Ittttru tu tijr eUitur.
Carlton Club, 17th December. Sin—Having sat on the Conservative side of the House of Commons from 1837 to 1841, and having fought more than one contest this year in the hope of becoming one of Lord Derby's supporters it may be fairly presumed that I have witnessed with unfeigned regret the Unfortunate defeat which her Ma- jesty's late Ministry has sustained.
During the short time I belonged to the House of Commons, I invariably attended any meetings held at Sir -Robert Peel's residence, when, on more than one occasion he submitted to his party how easy it would have been for us through a temporary coalition with the extreme Radicals to overthrow the Ministry, then headed by Lord Melbourne ; but such a course, he fairly ad- mitted, would have been but factious opposition, and not only undignified in itself, but from which, he endeavoured to impress on us, no ultimate advan- tage could accrue to a party adopting such tactics.
It would have been well had the advice of that great man produced a lasting impression on Mr. Disraeli, to whose former factious coalition in 1816 the present defeat of Lord Derby's Ministry may be fairly attributed. I do not blame him and Lord George Bentinck for opposing as long as they could the repeal of the Corn-laws : there was then an open field for a fair fight : but when that measure was passed, the conflict ought to have ceased, and not degenerated into a factious and personal conflict. Had they and their adherents not adopted the course they at that time pureued, the whole of the then Conservative party might now, with their united talents, have formed an active and thoroughly efficient Administration: but I fear that, during the course of that opposition, invectives were uttered and actions performed which have produced breaches that will not readily be healed, and that it is impossible for us to hope that all those statesmen who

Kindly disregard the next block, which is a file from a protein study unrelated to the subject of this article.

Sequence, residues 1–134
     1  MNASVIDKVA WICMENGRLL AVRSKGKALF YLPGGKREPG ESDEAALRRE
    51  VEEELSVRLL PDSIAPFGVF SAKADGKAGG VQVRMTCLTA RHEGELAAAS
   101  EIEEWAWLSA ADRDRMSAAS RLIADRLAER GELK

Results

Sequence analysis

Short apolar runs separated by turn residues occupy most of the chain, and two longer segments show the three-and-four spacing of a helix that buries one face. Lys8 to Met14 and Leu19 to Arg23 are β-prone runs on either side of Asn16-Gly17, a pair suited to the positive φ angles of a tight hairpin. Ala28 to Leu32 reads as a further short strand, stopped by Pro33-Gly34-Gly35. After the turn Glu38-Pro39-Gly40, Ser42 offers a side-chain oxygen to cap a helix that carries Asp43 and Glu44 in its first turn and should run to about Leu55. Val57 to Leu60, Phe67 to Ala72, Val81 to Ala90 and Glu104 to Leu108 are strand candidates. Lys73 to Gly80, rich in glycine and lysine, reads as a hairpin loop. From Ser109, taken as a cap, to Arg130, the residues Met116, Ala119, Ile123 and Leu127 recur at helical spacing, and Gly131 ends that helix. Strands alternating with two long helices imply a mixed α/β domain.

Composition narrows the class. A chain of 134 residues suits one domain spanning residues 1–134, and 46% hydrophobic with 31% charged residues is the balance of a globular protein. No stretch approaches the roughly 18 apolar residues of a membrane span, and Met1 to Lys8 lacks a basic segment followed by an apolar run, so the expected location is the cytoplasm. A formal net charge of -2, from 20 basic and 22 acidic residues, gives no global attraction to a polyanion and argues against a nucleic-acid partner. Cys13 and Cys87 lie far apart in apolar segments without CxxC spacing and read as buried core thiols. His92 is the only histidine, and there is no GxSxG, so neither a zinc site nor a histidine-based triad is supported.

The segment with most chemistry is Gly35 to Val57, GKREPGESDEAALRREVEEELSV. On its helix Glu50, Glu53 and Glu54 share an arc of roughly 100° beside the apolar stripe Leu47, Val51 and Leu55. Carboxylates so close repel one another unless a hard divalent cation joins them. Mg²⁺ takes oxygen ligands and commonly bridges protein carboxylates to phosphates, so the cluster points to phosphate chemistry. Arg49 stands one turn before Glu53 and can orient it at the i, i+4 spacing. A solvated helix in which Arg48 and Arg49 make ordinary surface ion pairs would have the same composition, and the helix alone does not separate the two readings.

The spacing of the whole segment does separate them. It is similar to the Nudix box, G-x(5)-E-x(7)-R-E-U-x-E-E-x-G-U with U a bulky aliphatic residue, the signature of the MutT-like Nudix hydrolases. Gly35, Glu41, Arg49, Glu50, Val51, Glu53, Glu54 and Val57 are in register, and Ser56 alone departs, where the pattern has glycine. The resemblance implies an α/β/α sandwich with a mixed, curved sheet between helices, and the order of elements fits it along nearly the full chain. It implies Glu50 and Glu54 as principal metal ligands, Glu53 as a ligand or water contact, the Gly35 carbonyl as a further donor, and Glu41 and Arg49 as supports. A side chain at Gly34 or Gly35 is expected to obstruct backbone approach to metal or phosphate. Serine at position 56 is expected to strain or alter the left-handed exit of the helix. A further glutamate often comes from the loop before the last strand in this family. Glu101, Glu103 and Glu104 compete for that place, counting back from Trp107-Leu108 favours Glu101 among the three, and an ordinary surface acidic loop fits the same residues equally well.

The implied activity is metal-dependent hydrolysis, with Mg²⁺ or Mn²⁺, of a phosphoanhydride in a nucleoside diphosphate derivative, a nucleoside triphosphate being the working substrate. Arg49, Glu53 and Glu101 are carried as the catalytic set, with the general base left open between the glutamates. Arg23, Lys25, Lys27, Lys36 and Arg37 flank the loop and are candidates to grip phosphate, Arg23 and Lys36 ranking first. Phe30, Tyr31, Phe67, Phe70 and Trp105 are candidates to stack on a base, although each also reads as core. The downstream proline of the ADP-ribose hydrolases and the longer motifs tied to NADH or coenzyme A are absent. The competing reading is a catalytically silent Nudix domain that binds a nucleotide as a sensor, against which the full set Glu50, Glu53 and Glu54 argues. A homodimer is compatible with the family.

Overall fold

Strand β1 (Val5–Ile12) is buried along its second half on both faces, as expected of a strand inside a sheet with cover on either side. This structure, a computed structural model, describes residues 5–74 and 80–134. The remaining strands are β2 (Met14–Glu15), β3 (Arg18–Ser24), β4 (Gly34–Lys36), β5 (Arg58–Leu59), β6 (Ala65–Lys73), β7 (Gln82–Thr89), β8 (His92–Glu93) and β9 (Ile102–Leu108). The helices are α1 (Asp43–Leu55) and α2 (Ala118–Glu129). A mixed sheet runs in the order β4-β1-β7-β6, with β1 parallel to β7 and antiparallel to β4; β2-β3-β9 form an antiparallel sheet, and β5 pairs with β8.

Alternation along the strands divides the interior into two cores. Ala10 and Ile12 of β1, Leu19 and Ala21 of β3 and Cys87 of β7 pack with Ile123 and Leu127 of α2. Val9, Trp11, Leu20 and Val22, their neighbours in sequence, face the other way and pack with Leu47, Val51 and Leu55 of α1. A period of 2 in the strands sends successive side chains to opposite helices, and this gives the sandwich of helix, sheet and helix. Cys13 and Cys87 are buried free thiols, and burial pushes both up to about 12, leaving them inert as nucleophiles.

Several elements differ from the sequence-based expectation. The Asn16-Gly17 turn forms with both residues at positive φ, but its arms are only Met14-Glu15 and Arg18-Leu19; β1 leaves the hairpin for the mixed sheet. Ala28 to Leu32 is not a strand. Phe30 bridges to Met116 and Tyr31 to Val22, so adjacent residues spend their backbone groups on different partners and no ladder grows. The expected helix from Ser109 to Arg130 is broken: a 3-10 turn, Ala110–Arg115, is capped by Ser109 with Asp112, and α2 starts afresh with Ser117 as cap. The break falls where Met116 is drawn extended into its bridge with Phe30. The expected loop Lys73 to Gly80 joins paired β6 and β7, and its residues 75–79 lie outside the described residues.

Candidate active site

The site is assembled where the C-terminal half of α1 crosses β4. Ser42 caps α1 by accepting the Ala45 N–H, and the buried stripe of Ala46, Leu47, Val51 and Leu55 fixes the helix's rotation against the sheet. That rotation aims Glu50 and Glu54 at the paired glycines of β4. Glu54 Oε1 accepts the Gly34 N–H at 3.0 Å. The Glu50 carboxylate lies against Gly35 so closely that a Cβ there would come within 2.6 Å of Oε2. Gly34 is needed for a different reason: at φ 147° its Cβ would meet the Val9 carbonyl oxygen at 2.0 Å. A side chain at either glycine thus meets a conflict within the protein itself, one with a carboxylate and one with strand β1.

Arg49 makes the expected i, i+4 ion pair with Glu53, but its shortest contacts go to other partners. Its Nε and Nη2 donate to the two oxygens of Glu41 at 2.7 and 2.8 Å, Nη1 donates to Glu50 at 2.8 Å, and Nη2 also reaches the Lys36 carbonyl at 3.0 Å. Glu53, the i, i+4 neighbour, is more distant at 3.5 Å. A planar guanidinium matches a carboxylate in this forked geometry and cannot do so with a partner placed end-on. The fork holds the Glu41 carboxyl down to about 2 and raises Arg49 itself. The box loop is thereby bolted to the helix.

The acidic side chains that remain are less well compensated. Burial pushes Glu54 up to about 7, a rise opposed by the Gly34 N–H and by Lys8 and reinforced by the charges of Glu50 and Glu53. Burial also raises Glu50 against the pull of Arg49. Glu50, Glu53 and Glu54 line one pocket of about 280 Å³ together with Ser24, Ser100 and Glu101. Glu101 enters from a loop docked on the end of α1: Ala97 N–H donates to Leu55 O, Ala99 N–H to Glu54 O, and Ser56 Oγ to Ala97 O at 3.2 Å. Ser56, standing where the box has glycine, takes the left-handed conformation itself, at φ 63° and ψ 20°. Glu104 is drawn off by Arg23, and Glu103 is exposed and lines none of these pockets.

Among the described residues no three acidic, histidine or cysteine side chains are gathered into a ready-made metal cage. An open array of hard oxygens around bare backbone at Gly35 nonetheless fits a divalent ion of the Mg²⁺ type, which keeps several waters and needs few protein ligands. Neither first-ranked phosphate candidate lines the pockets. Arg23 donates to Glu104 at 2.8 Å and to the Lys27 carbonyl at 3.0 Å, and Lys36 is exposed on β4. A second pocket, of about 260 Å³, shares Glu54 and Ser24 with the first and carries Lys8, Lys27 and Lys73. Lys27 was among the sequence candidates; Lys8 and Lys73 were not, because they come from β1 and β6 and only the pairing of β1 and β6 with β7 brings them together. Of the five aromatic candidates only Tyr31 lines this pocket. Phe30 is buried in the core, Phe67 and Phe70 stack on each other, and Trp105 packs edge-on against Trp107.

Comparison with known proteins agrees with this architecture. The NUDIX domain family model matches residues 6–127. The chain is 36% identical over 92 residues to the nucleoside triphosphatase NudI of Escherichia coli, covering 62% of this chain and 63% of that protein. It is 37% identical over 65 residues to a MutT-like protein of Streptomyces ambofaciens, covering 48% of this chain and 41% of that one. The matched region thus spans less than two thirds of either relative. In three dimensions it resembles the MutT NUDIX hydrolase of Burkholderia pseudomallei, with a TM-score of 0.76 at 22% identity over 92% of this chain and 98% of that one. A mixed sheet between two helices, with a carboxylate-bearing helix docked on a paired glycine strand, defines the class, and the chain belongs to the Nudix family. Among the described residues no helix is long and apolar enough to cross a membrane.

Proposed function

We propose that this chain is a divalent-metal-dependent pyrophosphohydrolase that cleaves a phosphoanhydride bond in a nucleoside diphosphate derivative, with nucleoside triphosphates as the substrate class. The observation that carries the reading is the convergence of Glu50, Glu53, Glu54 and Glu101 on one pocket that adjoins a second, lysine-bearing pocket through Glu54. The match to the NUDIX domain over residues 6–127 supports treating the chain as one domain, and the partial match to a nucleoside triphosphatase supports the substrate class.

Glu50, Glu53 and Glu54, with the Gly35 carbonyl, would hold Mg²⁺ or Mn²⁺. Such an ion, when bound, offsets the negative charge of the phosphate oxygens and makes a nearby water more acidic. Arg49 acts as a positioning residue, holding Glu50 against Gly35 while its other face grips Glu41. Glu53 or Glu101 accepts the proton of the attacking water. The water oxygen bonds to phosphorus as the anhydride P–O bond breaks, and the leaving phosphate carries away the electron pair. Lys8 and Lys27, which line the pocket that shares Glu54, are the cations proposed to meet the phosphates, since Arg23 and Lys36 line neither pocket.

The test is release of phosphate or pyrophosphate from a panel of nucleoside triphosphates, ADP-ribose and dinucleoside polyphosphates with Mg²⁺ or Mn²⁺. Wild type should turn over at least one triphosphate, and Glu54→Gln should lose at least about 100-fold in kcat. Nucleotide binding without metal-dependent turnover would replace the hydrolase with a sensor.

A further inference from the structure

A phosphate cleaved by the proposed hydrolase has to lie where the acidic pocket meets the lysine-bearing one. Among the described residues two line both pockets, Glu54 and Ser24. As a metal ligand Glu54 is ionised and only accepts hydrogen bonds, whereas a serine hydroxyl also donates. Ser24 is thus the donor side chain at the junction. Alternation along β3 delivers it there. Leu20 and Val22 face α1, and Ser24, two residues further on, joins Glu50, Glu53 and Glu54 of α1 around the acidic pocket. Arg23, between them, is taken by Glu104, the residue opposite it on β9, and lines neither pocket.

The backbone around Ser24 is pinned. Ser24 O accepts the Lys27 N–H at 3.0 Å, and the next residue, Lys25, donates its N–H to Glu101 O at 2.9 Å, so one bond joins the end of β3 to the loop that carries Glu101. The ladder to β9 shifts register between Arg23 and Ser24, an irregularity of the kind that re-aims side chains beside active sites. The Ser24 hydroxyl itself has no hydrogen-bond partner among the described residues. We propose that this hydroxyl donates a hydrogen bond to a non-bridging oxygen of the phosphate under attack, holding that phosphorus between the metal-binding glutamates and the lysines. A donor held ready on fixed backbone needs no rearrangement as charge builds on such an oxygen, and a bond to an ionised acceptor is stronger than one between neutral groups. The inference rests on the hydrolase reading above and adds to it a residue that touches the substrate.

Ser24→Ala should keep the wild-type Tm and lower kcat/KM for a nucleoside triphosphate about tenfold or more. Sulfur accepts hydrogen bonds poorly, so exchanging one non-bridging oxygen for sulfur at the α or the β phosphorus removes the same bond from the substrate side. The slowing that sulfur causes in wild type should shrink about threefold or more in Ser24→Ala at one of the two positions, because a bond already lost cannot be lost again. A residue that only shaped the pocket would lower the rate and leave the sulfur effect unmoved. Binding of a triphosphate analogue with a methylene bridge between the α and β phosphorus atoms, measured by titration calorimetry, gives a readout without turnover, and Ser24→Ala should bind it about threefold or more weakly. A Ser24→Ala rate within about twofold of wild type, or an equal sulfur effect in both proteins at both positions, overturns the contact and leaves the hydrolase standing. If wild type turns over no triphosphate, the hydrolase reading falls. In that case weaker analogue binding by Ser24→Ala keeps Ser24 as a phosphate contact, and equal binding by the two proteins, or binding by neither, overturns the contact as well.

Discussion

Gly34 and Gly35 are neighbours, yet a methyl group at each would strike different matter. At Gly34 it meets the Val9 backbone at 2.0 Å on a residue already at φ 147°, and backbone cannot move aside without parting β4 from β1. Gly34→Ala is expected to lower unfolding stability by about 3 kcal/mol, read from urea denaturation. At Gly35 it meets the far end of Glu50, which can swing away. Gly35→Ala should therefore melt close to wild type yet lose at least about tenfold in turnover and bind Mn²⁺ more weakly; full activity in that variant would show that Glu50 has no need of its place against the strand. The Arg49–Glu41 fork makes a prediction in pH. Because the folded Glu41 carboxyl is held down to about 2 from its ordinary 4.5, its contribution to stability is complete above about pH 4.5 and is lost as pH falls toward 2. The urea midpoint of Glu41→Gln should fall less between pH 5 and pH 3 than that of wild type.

are truly Conservative at heart will combine for the i purpose of forming an energetic and powerful Government ; and this, too, at a period when circum- stances, both internal and especially external, render a strong Ministry more than usually desirable. Believe me, I do not write this to detract from Mr. Disraeli's merits, whose abilities and talents command my unqualified admiration • but, should these hues be deemed worthy of insertion in your valuable journal, I hope they may serve to remind public men of all parties, how vain and futile factious opposition must eventually prove, not only as far as they are personally con- cerned, but I appeal to them on higher grounds—how pernicious and detri- mental it may prove to the welfare of their country.